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Would you allow your pregnant 15yr old DD on here

Posted by Anonymous   + Show Post



Question: 15 Yr old on cafe mom


sure, why not

hell no ,her ass better be in school

no , to much BS on here

Only group members can vote in this poll.

Total Votes: 221

View Results

Soooooooooooooo I was in a post and its getting heated. Would you let you pregnant  15 DD on cafe mom? 

Posted by Anonymous on May. 15, 2012 at 1:56 PM
Replies (101-110):
by Platinum Member on May. 15, 2012 at 3:31 PM


by on May. 15, 2012 at 3:31 PM

 yes-after homework and on weekends
by on May. 15, 2012 at 3:32 PM
1 mom liked this

If she was pregnant at 15 and went here for support- she would commit suicide because of these bitches.

There are some nasty bitches here.
Posted on CafeMom Mobile
by Anonymous 11 on May. 15, 2012 at 3:35 PM

On CM? Yes

This group? Porbably not.

I would prefer her to be in groups that REALLY offer support and advice.

by on May. 15, 2012 at 3:39 PM
I was a pregnant 15 year old the first time I joined this site
Posted on CafeMom Mobile
by on May. 15, 2012 at 3:40 PM
1 mom liked this

YES! there are some great groups on here for love and support for both teen moms and young grandmom's. DS's gf is pregnant (she's 16) and I referred her to a few of the groups.

I also started one for young grandmas & teen parents

Lilypie Angel and Memorial tickers

Lilypie Pregnancy tickers

Daisypath Anniversary tickers

by on May. 15, 2012 at 3:40 PM

Well she does now know where babies come from and pretty sure there is enough positive groups to counter act the negative groups. I would be open to her asking me questions in regards to issues she may not understand. Confessions is not the only group on here.

by on May. 15, 2012 at 3:40 PM

Ummm yeah. If my 15 year old is pregnant, shes obviously seen and done things that most 15 year olds havent. Im pretty sure there is a teen pregnancy group that any teenager that is pregnant could benefit from.

So a big yes from me.

by on May. 15, 2012 at 3:41 PM
In this group, NO! In some of the other groups yes... My oldest is only 5, I pray were never in that situation.
Posted on CafeMom Mobile
by on May. 15, 2012 at 3:42 PM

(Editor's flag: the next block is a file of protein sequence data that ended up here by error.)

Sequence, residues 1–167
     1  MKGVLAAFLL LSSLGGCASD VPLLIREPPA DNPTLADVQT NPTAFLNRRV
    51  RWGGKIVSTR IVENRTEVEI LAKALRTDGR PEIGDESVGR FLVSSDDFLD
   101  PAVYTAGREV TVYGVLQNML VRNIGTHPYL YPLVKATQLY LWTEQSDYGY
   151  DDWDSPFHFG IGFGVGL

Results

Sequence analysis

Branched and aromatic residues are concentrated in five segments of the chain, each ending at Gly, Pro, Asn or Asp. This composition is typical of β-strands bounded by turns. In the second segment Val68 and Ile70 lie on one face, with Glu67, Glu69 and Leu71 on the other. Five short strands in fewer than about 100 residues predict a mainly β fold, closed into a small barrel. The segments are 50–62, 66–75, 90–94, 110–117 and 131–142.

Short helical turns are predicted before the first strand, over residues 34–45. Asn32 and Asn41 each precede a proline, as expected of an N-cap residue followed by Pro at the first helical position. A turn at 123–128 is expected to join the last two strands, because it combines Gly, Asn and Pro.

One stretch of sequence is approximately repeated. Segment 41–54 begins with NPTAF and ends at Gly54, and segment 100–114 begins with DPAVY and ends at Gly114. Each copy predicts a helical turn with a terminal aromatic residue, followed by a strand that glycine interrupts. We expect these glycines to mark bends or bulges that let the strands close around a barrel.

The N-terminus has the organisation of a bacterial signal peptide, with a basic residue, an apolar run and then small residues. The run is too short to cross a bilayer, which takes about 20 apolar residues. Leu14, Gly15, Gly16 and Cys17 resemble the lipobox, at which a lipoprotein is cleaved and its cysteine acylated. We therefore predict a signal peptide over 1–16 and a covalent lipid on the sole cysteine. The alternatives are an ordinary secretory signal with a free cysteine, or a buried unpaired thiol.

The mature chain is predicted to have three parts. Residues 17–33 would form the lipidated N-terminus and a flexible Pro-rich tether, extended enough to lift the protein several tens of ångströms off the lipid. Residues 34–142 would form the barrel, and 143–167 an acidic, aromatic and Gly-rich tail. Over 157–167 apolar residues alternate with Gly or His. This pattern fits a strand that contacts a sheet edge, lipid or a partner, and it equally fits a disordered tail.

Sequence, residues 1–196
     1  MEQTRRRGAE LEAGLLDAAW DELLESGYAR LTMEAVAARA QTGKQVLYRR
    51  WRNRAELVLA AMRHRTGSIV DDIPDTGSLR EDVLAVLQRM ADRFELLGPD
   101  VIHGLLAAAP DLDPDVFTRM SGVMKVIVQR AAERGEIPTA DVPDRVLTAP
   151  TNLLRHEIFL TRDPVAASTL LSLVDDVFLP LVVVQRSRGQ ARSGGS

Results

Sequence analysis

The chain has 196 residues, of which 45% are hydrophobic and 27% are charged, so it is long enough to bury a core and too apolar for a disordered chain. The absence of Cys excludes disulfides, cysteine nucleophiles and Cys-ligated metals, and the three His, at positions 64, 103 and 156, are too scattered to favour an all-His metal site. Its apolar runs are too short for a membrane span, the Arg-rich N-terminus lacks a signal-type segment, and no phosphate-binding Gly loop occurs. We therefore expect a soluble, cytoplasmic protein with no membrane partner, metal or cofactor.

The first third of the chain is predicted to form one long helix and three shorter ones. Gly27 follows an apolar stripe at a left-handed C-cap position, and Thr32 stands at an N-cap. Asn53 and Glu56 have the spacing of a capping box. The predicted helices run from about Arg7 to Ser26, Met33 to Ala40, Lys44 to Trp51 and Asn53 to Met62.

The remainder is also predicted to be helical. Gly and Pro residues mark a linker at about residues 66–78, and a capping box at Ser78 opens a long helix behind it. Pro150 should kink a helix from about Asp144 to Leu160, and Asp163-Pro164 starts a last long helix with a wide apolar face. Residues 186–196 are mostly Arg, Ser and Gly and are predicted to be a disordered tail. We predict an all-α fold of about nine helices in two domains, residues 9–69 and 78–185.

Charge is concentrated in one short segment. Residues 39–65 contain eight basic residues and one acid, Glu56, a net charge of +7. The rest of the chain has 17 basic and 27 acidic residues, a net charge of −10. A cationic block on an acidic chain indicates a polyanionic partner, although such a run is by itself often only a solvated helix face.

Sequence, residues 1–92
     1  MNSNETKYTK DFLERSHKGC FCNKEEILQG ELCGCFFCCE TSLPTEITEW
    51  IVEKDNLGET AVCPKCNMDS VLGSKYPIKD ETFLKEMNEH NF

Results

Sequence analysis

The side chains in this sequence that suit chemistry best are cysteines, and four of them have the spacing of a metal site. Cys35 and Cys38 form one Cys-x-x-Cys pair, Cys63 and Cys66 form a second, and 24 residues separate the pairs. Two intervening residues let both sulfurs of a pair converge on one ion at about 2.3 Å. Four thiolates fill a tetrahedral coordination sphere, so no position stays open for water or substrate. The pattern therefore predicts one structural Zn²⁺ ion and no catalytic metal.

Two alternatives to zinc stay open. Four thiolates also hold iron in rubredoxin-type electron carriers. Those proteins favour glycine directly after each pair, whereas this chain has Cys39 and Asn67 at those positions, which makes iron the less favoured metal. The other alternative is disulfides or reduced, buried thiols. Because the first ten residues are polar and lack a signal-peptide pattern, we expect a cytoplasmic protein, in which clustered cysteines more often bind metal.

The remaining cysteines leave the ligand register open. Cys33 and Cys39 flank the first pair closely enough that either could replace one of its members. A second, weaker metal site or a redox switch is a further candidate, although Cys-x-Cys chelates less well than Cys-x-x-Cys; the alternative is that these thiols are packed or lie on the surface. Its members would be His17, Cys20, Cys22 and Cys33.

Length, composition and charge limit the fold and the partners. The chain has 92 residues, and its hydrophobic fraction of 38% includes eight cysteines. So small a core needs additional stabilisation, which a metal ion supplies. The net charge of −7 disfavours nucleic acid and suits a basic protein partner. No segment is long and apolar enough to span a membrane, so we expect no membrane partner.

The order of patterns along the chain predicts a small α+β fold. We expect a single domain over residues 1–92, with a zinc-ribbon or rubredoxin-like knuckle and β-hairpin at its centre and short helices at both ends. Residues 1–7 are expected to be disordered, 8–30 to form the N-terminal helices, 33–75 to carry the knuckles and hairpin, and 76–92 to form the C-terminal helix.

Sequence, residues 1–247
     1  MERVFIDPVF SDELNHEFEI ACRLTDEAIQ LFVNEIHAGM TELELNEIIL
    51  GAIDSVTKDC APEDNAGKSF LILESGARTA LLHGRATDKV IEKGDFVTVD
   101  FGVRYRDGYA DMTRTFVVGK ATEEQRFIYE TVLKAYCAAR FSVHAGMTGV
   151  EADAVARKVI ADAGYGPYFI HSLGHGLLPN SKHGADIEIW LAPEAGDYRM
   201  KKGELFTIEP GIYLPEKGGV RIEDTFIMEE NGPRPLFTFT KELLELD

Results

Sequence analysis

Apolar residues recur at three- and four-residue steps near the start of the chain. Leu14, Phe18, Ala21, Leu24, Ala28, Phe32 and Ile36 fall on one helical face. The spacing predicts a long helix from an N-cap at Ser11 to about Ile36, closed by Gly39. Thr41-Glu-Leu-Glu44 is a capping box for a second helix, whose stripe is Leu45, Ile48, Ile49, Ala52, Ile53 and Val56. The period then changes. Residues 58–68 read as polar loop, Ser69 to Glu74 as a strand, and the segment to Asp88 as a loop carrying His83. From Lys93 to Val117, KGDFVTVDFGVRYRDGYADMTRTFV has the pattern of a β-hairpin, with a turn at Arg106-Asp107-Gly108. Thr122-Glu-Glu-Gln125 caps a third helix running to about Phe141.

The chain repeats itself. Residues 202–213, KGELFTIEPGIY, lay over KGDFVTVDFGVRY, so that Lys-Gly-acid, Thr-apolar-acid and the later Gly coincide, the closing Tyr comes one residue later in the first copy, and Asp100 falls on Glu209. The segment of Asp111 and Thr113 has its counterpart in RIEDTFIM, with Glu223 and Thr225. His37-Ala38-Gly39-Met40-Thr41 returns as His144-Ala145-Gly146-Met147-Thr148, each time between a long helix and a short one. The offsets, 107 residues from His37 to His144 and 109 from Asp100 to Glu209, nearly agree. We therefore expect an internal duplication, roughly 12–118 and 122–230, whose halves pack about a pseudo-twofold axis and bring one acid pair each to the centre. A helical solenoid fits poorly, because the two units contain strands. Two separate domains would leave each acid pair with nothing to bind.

Quoting Anonymous:


Teens advised to consider benefits of IUD use for birth control


Only a tiny percentage of teenage girls in the United States use intrauterine devices for birth control, even though studies show they are safe, effective and very low-maintenance, according to researchers at Lucile Packard Children’s Hospital and the School of Medicine.

In a paper published this month in the Journal of Pediatric and Adolescent Gynecology, lead author Sophia Yen, MD, MPH, a board-certified specialist in adolescent medicine at Packard Children’s, and her co-authors report that more than a dozen studies have shown that teenagers with IUDs were as likely or more likely to continue using them compared with teens using birth-control pills. Furthermore, IUDs can work for as long as five or 10 years, depending on the type; are cost-effective; and are more than 99-percent effective at preventing pregnancy, the authors note.

“IUDs are a good contraceptive option for teens,” said the paper’s senior author, Paula Hillard, MD, a pediatric gynecologist at Packard Children’s and a professor of obstetrics and gynecology at the medical school.

Still, only a very small number of adolescents choose this contraceptive option. From 2006 to 2008, 1 percent of U.S. girls ages 15-19 used IUDs for birth control, while 15.2 percent used birth-control pills, according to the National Survey of Family Growth. (Among U.S. women ages 15-44, 3.4 percent used IUDs and 17.3 percent used the pill from 2006 to 2008.)